Here comes the first Frontier patch, and this is a big one!
Before you go further, if your keys date back from Go 1.0 rc or C++ 0.9.36, note that you should regenerate all of your keys NOW. Though some releases of the pre-alpha and alpha clients are secure, this depends on which codebase and which version. You should assume that all keys generated prior to these clients are insecure and compromised. This, note, does not affect the pre-sale wallets.
As for the C++ users, they can also switch to master once merged, and binaries will be made available shortly. If you’d rather not update eth but still wish to help thaw the network, you can also just restart eth with an extra parameter of –gas-floor 3141592.
I thought that I’d also repost a quick explanation on how the gas limit targeting process operates, and why we cannot guarantee a time by which we’ll reach the 21K limit necessary to process one basic transaction per block.
Each miner runs a copy of geth or eth. In the Frontier Genesis release, both were set to target 5k and never deviate from that figure. Now, with this update, both clients will be updated to instead target 3M gas limit per block.
But they cannot switch to a 3M gas limit just like that, because the protocol forces them to climb slowly at a certain rate. That rate is equal to previous block limit / 1024. Now, assuming all miners update their clients, and none of them mess around with the settings, we’re going to reach 3M within 28h assuming a steady 15s block time including propagation. But here’s the thing – not all miners are going to update in time, some might forget and some might never update!
So, going forward, if a winning block is mined by a updated miner, the block limit will adjust upwards by the rate intended, but if it is mined by a ‘lazy’ miner who didn’t update, it will adjust back downwards (as the lazy miner is still targeting 5k).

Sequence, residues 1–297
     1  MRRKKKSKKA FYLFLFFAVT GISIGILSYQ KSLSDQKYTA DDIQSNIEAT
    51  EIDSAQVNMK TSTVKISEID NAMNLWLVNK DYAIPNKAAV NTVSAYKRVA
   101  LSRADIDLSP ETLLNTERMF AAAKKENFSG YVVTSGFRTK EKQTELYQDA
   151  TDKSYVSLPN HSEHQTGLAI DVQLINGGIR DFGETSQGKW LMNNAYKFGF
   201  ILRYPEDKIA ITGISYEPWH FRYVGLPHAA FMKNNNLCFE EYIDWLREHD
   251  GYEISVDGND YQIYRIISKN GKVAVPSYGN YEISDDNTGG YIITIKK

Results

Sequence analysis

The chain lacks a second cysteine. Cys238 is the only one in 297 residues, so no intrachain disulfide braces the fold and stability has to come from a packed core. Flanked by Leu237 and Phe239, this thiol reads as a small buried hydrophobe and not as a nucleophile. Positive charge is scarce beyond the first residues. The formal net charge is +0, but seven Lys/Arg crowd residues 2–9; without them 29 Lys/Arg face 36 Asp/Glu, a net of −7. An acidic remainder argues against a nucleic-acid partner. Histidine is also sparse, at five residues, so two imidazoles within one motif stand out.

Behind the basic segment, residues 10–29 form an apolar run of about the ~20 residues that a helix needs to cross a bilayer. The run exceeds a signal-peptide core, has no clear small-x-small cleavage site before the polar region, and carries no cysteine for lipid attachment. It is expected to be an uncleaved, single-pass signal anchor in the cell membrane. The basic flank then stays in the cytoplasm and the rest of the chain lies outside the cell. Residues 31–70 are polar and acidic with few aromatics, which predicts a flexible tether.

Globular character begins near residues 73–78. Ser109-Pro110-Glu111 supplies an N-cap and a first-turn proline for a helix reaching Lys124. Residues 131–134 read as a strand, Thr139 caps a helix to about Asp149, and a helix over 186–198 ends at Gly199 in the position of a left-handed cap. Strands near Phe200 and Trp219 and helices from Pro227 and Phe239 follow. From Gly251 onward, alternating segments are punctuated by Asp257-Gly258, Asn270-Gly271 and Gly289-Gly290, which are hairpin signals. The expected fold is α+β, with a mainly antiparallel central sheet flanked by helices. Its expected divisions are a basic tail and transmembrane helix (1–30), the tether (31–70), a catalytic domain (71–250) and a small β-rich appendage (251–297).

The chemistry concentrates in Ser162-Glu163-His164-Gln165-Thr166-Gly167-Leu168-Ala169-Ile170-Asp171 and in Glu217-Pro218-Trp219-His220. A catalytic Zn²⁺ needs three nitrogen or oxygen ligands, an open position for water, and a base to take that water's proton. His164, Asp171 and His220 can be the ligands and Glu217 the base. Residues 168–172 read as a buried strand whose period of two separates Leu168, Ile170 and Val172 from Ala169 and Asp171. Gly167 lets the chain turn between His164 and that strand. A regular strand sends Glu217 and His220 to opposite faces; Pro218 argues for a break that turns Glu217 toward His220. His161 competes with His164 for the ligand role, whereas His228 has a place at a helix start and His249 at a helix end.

For this reason, it will take a minimum of 6h to get to a 21K gas limit per block(1 trx per block), and a minimum of 28h to get to 3M. In practice, it will likely take considerably longer than that.
This is where the free market come into play. Technically, miners could even have colluded a few days ago to modify the client code and make the network behave rather differently than what we had in mind. We merely act as advisers to the community.
Default, community chosen, Genesis block
The Genesis block we have seen adopted by the community has now been hardcoded in the clients, and you no longer need to specify the –genesis parameter to start eth or geth. That said, you can still specify a hand-crafted genesis block if you want to start a private chain with different genesis, for example.
On the Go client side, a series of bug fixes and improvement have been merged into 1.0.1, including readying ourselves for a Go 1.5 release.
- Fixed crash in chain manager #1568
- Log number fixes #1545
- Crypto fix for go 1.5 #1536
- Fix for eth_call and eth_estimateGas #1534
- Console resend method fix #1461
On the C++ client, a full external audit has been carried out on its Key Store and cryptography. All actions recommended by our expert reviewers have been acted upon. Numerous optimizations and security improvements were added to the client:
- A unique C++ client feature is Secure Secrets: all heap memory used to store your secrets is securely overwritten immediately after it is finished
- The C++ client now relies upon boost::random_device, giving a cryptographically secure random-number generation
- Several crash and build fixes for AlethZero
- Enhancements to Alethzero, especially regarding account information
- The CLI tool ‘ethkey’ can now be used in concert with AlethZero to inspect and sign an otherwise unsigned transaction. This allows you to have a completely air-gapped cold-wallet-device
Difficulty adjustment scheme
A lot of you have been wondering how we would implement a switch from PoW to PoS in time for Serenity. This will be handled by the newly introduced difficulty adjustment scheme, which elegantly guarantees a hard-fork point in the next 16 months.
It works as follow: starting from block 200,000 (very roughly 17 days from now), the difficulty will undergo an exponential increase which will only become noticeable in about a year. At that point (just around the release of the Serenity milestone), we’ll see a significant increase in difficulty which will start pushing the block resolution time upwards.
So, a year on, the network will continue to be useful for roughly 3-4 months, but eventually will reach an ‘Ice Age’ of sorts: the difficulty will simply be too high for anyone to find a block. This will allow us to introduce PoS, perhaps via Casper, if it proves itself.